I used to browse SourceForge and Google code to learn new concepts of programming languages I wasn’t entirely familiar with…
Nobody reads other people’s code for fun? Hmmm…
I have fond memories of lounging on a sofa, reading printouts of Quake’s source. Those were very informative and entertaining sessions.
I prefer Drambuie or Grand Marnier, but sitting back with a hardcopy of my latest source and a pen (red, preferred, I have a Lamy fountain pen with dark red ink in a converter) is one of my highest productivity times. The code typically works, but all the inefficiencies, errors, junk, remain awaiting markup.
Documenting code is an art, but futile in most cases as the source will be a moving target. At best, it is an ought - but regression or unit test source are better enforcerers.
The whole “read the source code, luke” is fine. News at eleven. Same with the whole “comments probably suck”.
But the emphasis should always be on correct and informative comments and on correct and informative documentation. Always demand the source code for your stack, but demand even more comments and documentation.
Seems to me there are three levels.
- read docs.
- read source.
- write it yourself.
Obviously each involves more time that could be spent doing other things; the ideal if you are using a common tool is to have good docs. But it’s facile to suggest that one should just read the source when encountering a problem implementing a program, plugin, module, what have you. Am I going to read ffmpeg source when it borks in ./configure? Probably not. Will I use an un-minified jquery plugin to trace the source of an error? Almost always. Sometimes reading source is a really good idea. Other times it means you are looking in the wrong place for your solution. Ask the bear. If the bear won’t answer, then read the source.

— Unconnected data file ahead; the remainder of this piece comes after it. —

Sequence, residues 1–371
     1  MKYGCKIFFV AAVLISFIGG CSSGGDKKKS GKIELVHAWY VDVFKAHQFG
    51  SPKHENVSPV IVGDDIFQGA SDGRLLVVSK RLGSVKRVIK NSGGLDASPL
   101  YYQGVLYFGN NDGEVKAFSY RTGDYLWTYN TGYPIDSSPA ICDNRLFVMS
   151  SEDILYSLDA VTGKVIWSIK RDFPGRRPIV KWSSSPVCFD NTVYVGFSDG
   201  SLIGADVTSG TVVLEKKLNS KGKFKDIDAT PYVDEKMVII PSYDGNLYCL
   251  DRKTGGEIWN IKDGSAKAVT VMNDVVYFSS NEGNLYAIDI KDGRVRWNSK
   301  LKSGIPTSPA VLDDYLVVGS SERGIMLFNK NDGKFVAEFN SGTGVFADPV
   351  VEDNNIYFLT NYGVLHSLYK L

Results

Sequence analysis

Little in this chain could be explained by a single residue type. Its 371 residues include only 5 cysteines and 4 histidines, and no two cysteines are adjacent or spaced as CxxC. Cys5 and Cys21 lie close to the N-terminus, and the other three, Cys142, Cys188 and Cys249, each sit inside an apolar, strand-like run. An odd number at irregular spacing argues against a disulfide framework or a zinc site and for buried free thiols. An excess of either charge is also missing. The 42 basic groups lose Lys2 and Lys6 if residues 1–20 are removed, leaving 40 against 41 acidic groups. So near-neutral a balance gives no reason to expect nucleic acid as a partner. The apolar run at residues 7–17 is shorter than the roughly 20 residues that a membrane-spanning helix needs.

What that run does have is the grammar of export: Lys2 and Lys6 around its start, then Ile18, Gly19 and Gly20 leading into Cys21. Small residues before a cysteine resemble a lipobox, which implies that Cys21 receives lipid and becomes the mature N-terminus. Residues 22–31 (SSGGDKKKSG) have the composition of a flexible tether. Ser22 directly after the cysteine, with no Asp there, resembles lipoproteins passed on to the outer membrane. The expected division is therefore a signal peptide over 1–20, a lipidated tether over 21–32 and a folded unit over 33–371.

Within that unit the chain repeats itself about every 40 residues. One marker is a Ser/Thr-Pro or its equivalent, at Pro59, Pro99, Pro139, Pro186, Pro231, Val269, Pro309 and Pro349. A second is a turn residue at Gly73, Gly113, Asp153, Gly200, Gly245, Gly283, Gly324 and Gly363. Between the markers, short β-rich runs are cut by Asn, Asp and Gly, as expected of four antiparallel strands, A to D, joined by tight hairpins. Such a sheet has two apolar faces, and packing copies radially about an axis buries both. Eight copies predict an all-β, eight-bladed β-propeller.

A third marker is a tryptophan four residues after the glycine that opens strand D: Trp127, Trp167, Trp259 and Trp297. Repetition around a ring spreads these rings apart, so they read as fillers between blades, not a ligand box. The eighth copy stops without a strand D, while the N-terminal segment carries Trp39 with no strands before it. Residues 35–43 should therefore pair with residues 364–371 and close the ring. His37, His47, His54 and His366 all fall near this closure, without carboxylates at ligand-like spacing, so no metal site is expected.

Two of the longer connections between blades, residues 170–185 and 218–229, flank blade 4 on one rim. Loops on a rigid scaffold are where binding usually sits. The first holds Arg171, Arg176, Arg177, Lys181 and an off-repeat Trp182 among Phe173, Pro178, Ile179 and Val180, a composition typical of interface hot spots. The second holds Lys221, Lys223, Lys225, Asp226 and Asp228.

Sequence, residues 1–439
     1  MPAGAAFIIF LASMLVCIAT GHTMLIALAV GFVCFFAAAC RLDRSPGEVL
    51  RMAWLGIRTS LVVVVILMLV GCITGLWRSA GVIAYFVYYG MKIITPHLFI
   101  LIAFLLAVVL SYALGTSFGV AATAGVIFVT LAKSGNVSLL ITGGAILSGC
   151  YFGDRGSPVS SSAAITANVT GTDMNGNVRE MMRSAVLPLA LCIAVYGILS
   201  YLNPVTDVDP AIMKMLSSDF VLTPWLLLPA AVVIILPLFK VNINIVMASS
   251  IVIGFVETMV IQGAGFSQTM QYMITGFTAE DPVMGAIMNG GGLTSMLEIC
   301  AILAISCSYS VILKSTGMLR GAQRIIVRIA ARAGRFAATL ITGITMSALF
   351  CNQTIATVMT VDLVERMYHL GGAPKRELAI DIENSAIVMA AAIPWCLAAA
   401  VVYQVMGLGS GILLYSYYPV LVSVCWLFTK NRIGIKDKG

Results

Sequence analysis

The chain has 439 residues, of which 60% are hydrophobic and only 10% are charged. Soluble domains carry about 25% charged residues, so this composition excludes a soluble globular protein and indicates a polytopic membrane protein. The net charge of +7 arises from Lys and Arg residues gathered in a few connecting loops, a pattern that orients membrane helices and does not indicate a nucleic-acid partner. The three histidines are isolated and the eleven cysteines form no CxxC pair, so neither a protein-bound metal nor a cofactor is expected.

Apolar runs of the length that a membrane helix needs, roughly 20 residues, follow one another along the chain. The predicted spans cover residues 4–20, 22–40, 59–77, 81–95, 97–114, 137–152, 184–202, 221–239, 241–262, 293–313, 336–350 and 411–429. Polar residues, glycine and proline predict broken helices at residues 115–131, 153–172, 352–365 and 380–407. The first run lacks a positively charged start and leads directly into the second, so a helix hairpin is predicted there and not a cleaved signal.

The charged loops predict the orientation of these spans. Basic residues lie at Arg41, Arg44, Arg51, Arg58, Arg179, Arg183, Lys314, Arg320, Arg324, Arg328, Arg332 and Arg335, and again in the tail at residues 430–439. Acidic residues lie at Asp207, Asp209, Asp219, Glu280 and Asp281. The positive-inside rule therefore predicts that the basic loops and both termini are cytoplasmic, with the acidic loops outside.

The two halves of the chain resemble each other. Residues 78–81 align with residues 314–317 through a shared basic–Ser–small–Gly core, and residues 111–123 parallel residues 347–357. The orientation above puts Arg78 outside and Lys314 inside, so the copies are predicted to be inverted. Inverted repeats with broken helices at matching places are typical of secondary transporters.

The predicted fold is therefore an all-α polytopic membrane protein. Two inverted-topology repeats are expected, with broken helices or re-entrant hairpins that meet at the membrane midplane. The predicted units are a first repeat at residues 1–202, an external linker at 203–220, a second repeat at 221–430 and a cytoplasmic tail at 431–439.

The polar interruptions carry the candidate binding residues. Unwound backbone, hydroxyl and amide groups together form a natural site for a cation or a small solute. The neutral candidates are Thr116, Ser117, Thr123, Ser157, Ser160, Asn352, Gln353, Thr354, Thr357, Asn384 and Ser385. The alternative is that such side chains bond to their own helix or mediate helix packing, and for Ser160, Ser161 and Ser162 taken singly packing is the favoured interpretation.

I’ve found that I can’t always find the answer from diving into the source code, but it often leads me to finding a more targeted question to work with, and it always helps me understand the underlying processes at work better. I feel as though if more questions were framed with references to the source code, they may get more answers as they’ve shown a good-faith attempt and provide a good context to help others dig into the problem.
Great article Jeff…
Currently I am working on same code base as it have very less documentation, but after reading this article I am inspired so much.
Keep posting such a nice and creative article… good luck.
I think that reading the source is perhaps the quickest way to see what is going on so you can get something done. But when it comes to designing software, it is a good idea to have a spec to design to, rather than just the code, because the spec may provide the intention of the code, whereas the code itself is providing the implementation, which is more likely to change (one would hope, anyway).
If there is a difference, it’s best to try to submit a bug report or tech support request of some sort, if this is possible, to clarify things.
But, in the end, the code needs to work, so it’s best to read both and try to figure out which side is right.
If you always need to understand the platform below (to understand your application), doesn’t it come to understanding machine code and even electrical signals? I actually do support the idea that software developers (all sorts of programmers, actually) would be better off by basically reading the source instead of opening tens of support tickets when documentation isn’t helping – I just found that statement a bit too extreme.